Josh Russell: Art + Science
It’s not often that you meet someone who is incredibly skilled in both left- and right-brain activities, so maybe that is what sets Josh Russell apart from the crowd.
As a doctoral student in Cell and Molecular Biology, Russell is, unsurprisingly, very talented at such analytical tasks as laboratory research. But that he is also a highly talented painter whose work hangs in several buildings across campus might come as a surprise to many. Add to this the fact that Russell is a nontraditional student who began to study Biology only after working on campus at UT, and you will begin to see how unique Russell truly is.
And Russell’s research interests are just as unique: trying to find the molecules in genes that are involved in how we sense humidity.
“Scientists have figured out how we see, touch and taste, but there is basically nothing published on what genes are involved in sensing humidity,” says Russell.
Working with c elegans, small roundworms that are sensitive to both wet and dry conditions, Russell has been trying to decipher how they sense humidity. Funded by a National Science Foundation Graduate Research Fellowship, Russell is of the mind set that science should be shared and made relevant and understandable to the general public.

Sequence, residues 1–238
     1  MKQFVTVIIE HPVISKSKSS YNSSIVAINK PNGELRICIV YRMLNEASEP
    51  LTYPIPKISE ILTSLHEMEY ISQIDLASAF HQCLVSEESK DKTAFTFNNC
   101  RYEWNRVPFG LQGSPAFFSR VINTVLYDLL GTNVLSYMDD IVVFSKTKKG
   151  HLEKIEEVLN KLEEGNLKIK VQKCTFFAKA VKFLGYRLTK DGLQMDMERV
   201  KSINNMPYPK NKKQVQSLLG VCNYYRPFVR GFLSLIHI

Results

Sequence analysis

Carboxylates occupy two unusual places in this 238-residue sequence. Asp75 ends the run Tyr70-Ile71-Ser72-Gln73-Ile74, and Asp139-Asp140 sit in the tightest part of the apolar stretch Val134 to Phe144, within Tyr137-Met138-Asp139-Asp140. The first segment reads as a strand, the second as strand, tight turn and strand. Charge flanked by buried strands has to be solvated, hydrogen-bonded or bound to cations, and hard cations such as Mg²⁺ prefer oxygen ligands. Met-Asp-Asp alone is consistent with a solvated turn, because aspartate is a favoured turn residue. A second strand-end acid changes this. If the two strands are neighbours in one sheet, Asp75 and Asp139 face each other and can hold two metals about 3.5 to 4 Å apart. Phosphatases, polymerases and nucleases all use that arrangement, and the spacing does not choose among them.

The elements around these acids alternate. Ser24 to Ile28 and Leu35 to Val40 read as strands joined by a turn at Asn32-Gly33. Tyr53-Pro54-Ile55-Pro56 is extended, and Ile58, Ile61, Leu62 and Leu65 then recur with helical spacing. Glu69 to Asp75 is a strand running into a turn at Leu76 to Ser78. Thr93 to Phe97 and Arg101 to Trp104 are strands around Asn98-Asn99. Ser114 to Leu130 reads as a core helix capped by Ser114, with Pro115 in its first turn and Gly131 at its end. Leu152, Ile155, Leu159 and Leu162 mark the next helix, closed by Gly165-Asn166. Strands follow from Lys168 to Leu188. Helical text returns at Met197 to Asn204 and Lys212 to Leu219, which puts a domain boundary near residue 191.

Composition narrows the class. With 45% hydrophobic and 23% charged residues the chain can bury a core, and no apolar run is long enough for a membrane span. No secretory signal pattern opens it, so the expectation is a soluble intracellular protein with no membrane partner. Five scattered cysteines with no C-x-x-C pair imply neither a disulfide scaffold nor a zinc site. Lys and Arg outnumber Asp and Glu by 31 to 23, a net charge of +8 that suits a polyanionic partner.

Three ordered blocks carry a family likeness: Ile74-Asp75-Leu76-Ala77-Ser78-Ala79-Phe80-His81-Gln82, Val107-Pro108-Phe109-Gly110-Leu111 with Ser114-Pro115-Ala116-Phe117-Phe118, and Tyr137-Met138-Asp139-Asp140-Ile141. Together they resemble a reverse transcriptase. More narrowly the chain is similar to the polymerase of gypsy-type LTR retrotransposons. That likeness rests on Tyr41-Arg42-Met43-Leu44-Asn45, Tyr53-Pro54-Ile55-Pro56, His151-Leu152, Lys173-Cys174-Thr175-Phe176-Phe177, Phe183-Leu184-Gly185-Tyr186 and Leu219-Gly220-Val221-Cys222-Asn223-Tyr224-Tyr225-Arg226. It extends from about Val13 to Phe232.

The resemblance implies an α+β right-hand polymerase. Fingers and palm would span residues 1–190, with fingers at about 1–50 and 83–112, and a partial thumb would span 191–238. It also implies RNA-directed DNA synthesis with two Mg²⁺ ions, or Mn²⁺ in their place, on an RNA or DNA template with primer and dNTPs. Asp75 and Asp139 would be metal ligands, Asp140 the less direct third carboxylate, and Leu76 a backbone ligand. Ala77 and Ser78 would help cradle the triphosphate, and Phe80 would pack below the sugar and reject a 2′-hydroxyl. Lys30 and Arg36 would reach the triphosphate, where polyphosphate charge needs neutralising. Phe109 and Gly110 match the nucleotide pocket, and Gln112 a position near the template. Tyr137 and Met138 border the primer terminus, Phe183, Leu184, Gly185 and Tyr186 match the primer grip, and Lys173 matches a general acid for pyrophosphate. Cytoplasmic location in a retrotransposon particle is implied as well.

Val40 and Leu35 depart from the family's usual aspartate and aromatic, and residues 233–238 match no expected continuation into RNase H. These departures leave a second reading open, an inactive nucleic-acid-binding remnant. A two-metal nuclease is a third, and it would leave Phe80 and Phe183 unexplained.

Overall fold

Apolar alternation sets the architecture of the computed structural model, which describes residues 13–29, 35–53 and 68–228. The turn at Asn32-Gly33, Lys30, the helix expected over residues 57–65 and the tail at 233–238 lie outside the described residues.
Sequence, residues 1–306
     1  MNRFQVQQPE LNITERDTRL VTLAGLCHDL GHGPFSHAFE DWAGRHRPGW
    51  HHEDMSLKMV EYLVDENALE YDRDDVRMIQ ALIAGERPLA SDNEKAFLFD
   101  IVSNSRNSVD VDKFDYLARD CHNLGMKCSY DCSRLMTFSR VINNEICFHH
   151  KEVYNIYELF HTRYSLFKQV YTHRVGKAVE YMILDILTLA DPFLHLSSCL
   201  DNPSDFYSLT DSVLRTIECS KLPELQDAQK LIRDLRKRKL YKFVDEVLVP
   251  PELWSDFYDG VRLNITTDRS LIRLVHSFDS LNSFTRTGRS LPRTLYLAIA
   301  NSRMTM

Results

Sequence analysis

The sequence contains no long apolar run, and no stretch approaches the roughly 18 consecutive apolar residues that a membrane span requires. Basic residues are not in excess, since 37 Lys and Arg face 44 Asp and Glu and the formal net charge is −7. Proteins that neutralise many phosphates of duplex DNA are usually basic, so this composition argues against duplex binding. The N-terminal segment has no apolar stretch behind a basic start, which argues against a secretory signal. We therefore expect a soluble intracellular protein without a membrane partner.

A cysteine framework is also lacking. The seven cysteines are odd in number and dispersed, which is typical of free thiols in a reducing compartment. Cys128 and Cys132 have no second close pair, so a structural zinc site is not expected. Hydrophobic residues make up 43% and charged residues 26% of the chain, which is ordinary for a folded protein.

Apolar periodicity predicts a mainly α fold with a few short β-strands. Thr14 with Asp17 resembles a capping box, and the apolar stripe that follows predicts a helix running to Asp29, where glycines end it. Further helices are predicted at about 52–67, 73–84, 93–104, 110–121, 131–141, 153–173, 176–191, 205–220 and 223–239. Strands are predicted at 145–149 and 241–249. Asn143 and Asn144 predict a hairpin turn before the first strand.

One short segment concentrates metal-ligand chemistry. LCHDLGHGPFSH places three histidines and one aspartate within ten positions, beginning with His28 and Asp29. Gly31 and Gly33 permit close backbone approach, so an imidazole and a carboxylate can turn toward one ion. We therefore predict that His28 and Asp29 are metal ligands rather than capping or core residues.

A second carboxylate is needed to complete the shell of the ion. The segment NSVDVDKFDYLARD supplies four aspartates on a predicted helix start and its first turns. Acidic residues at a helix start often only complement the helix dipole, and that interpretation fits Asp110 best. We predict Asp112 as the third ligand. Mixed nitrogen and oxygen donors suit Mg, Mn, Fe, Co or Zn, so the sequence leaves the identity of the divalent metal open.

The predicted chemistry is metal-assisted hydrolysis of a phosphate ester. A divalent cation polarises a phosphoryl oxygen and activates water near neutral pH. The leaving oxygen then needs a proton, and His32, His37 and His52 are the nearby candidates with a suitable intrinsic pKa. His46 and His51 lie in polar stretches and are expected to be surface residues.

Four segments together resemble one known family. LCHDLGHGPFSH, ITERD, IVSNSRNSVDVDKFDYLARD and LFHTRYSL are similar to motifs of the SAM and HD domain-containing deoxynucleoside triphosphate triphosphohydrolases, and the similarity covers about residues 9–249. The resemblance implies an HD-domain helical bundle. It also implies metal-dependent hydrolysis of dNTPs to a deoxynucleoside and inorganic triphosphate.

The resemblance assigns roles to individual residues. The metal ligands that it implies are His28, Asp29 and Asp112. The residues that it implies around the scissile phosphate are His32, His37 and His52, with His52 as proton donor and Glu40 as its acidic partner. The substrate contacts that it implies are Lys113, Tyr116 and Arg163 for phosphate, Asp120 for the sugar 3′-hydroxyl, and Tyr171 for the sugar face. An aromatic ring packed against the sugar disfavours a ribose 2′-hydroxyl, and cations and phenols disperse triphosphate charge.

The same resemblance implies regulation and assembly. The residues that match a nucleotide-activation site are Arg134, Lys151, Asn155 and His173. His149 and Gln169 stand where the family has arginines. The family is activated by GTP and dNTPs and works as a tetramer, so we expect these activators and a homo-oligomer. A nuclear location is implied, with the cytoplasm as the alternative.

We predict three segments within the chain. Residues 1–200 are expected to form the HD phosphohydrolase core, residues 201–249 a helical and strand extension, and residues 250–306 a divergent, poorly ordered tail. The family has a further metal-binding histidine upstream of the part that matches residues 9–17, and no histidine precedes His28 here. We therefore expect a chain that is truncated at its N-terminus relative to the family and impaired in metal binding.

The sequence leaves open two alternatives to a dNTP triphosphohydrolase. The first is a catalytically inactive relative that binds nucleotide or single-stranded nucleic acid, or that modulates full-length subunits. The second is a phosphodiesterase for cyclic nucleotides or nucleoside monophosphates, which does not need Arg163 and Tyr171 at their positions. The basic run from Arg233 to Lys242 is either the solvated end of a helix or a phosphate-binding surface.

“I want to do outreach to the community,” says Russell. “That’s always been my intention. I’ve been trying to set up outreach ventures since I came here (in 2008).”
It seems as though Russell is finally getting the opportunity to do just that. The project “Explain your PhD Thesis to a 12-year-old” was something Russell conceived of awhile ago, but has recently picked up steam when friends of his started ‘Science in the Pub’ at the Cactus Cafe this past June as a way to share science with others and asked Russell to present.
“Another guy came to talk about how the general public doesn’t understand science and we are failing our kids, so I decided to talk about (the Explain Your Thesis project),” says Russell.
“I got good feedback, people got excited about it.”
Russell then teamed up with nonprofit Austin Partners in Education, who helped identify local middle schools where graduate students can go and present.
“We just started this, and we want to make it as good as we can,” says Russell. “(We want to) make it relevant to the kids. Once we do that, the idea is to scale it up and get more people involved. Graduate students love to talk about their theses, and this gives them more of an opportunity to do that.”
Russell says that his graduate experience at UT has been a perfect way for him to marry his passions for art and science.
“What I wanted to study in grad school was sensory neuroscience; its our window to the world, how we sense it,” says Russell.
“As an artist you try to live at that window: how do you sense, how do you think about things? As a scientist, it’s...kind of the same attitude; what the limits are, what you know, what you can do to put something together that is meaningful to you and that other people can get something from.”
“I spend all my time getting to think at the things that are most interesting to me,” says Russell. “I feel really lucky.”
by Lauren Edwards
Cell and Molecular Biology doctoral student